Counting Polar Bears

Polar_bear_and_touristsIt’s one of the most fascinating mysteries in the Arctic: What is happening with polar bears?

It depends on who you ask. Scientists who study these majestic Arctic predators have – with a few exceptions – been sounding the alarm over the future of polar bears. In the long and medium term, they are worried about how climate change might affect the bears’ primary habitat – the sea ice. It’s simple: polar bears need sea ice to hunt, live and breed. If there is no sea ice, there are no polar bears. In the short term, the scientists are concerned about overhunting.

Ask the Inuit who have been sharing the Arctic with polar bears for the millenia, and they’ll tell you a different story. The Inuit will tell you that far from going extinct the number of polar bears has actually increased dramatically over the last half century. In the 1950’s there were an estimated 5,000 polar bears across the Arctic. Today, they number about 25,000. That’s a five-fold increase.

On the frozen ground of Canada’s Inuit communities this statistic translates into increased frequency of encounters with polar bears. While some southern cities still have air raid sirens, most Inuit communities have polar bear sirens to warn the residents of approaching bears.

The bears are also a rare source of hard cash for economically strapped Arctic communities. Wealthy southern hunters pay Inuit guides tens of thousands of dollars for the privilege of bagging a bear. In Churchill, Manitoba, tourists shell out thousands for the pleasure of seeing and photographing the bears from the safety of an Arctic buggy.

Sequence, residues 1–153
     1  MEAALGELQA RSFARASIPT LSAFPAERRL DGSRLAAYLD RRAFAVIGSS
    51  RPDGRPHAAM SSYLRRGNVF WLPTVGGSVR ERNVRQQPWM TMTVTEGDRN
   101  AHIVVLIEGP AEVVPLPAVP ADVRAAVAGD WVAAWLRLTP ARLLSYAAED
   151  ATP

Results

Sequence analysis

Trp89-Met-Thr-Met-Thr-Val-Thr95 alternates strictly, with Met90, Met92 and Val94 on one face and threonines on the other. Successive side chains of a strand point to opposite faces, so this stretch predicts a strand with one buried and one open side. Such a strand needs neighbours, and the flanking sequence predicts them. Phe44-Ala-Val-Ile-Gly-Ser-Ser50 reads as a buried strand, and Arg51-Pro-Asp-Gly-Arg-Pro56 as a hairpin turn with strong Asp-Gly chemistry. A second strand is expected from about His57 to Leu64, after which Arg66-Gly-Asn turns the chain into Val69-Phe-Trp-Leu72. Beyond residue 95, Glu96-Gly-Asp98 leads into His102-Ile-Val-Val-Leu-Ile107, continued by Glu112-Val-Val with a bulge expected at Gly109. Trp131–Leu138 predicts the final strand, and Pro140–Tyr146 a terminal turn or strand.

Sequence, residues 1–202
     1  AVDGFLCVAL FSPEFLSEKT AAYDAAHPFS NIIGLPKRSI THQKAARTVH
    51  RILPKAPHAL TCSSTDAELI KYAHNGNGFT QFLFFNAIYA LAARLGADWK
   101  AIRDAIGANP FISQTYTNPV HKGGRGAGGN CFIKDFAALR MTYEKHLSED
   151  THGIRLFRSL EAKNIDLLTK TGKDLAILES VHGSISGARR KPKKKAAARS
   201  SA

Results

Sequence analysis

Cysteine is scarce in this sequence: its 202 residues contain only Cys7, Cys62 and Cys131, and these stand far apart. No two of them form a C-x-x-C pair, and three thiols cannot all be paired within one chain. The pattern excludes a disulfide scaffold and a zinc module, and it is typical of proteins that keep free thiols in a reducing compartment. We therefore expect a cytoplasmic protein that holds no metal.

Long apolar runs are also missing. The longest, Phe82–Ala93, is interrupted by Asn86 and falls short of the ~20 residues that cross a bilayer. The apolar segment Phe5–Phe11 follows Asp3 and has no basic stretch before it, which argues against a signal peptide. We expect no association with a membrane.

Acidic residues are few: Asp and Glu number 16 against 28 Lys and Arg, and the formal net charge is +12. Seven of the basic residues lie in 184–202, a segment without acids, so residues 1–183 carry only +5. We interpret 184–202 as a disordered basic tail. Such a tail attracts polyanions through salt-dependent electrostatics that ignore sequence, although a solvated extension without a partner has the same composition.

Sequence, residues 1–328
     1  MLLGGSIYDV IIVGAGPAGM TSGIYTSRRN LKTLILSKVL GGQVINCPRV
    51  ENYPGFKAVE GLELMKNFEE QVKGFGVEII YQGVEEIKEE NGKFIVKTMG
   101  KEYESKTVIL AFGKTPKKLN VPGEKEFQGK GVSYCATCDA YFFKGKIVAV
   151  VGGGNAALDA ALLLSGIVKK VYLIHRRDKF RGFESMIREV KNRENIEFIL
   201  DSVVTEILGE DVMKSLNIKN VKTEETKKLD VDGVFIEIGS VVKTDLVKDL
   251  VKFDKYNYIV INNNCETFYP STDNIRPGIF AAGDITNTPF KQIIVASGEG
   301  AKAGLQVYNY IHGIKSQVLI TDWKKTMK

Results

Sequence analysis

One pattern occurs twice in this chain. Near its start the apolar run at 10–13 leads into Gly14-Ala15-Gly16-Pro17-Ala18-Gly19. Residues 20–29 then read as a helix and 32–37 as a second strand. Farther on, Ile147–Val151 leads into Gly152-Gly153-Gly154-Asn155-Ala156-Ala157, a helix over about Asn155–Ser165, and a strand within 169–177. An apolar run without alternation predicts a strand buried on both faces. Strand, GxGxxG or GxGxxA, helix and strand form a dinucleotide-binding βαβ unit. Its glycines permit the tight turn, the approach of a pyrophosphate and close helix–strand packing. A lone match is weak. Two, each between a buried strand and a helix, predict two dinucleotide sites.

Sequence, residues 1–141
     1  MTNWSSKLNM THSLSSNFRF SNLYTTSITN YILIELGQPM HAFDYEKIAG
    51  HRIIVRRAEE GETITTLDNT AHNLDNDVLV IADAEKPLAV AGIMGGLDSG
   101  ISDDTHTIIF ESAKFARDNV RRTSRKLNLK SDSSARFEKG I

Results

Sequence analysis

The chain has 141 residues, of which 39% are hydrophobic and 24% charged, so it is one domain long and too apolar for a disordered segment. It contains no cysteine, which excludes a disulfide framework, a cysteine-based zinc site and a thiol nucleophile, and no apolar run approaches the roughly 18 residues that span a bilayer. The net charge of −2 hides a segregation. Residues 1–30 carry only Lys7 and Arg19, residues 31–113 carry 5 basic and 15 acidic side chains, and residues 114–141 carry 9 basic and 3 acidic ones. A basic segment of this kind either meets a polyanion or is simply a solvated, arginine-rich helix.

Polar bear hunts are highly regulated and well-managed. So it is not surprising that many Inuit  hunters see further attempts to limit the polar bear hunt as hypocritical attempts by southerners to impose a solution for a problem the South is responsible for in the first place.

Polar bears will be the subject of my next special report for Eye on the Arctic; expect to see the story at the end of February 2011.

Levon Sevunts, Radio Canada International

Born and raised in Armenia, Levon started his journalistic career in 1990, covering wars and civil strife in the Caucasus and Central Asia. In 1992, after the government in Armenia shut down the TV program he was working for, Levon immigrated to Canada. He learned English and eventually went back to journalism, working first in print and then in broadcasting. Levon’s journalistic assignments have taken him from the High Arctic to Sahara and the killing fields of Darfur, from the streets of Montreal to the snow-capped mountaintops of Hindu Kush in Afghanistan. He says, “But best of all, I’ve been privileged to tell the stories of hundreds of people who’ve generously opened up their homes, refugee tents and their hearts to me.”

Do you want to report an error or a typo? Click here!

Leave a Reply

Note: By submitting your comments, you acknowledge that Radio Canada International has the right to reproduce, broadcast and publicize those comments or any part thereof in any manner whatsoever. Radio Canada International does not endorse any of the views posted. Your comments will be pre-moderated and published if they meet netiquette guidelines.
Netiquette »

Your email address will not be published. Required fields are marked *